Student loans still a problem for recession grads

A recent study by the Federal Reserve Bank of New York reports that most students who left college during the 2008 recession have defaulted on their loans, are seriously delinquent or are not able to keep paying down their balances.

"The latest statistics from the Fed simply show a worsening of the problem," said Lynnette Khalfani-Cox, author of "College Secrets: How to Save Money, Cut College Costs and Graduate Debt Free."

"We all know the true numbers regarding delinquencies are actually far more dire than the statistics currently show. That's because so few borrowers are actually in repayment," she said. "A lot of them, young and old, are struggling to make ends meet, and I fear ultimately many will wind up in delinquency or default."

According to the survey, the hardest hit group are borrowers in low income areas, who have made almost no progress on paying down their loans, with an aggregate balance of 97 percent where it was for students leaving school in 2009.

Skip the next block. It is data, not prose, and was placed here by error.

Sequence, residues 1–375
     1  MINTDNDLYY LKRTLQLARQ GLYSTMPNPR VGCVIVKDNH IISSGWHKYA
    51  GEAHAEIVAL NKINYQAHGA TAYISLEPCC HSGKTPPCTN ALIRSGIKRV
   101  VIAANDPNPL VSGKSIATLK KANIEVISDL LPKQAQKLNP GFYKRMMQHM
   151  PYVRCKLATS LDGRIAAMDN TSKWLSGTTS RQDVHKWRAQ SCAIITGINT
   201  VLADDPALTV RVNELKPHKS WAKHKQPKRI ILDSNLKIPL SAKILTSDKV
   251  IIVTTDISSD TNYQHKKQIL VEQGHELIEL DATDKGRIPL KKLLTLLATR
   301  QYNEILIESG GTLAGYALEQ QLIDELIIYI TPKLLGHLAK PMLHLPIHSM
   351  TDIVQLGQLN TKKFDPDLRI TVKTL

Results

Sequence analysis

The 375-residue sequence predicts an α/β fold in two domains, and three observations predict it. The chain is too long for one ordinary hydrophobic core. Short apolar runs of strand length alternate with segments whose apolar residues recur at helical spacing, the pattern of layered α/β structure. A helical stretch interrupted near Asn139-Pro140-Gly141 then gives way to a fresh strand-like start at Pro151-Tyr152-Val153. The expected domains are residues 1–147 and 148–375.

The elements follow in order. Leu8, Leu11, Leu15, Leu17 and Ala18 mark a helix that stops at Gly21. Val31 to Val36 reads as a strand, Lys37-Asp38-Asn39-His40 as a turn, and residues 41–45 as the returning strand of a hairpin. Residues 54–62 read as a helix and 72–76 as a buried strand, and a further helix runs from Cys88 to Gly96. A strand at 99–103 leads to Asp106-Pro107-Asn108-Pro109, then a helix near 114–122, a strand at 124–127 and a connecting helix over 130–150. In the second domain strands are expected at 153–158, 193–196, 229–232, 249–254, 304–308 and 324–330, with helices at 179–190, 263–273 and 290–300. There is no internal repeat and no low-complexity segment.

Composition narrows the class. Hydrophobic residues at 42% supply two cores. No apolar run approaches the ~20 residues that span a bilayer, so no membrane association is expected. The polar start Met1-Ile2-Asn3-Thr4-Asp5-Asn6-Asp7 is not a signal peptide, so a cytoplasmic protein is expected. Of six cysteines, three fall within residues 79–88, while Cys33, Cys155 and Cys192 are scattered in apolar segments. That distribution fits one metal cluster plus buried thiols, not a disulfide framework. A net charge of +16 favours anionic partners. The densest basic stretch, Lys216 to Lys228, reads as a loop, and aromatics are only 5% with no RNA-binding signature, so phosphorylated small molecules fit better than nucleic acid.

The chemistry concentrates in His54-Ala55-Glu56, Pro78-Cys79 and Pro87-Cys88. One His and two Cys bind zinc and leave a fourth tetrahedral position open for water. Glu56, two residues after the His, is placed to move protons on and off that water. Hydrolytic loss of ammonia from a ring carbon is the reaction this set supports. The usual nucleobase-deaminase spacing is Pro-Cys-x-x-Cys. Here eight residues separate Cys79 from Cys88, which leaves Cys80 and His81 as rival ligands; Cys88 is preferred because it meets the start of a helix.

In total, the study showed that  46 percent of student loan borrowers are current on their loans, but are not yet repaying, with only 37 percent both current and actively paying them down.

Research also shows that the young aren't the only ones affected. Two-thirds of the total student loan balances are held by people 30 and over. In addition, balances for people over the age of 60 have increased nine-fold between 2004-2014 in an attempt to re-educate themselves or help their children and grand-children with loans.

Another study conducted by the Urban Institute shows that in a similar time-frame, between 2004-2012, student loan borrowers with bachelor's degrees holding $40,000 or more in student loans jumped from 2 percent to 18 percent. 

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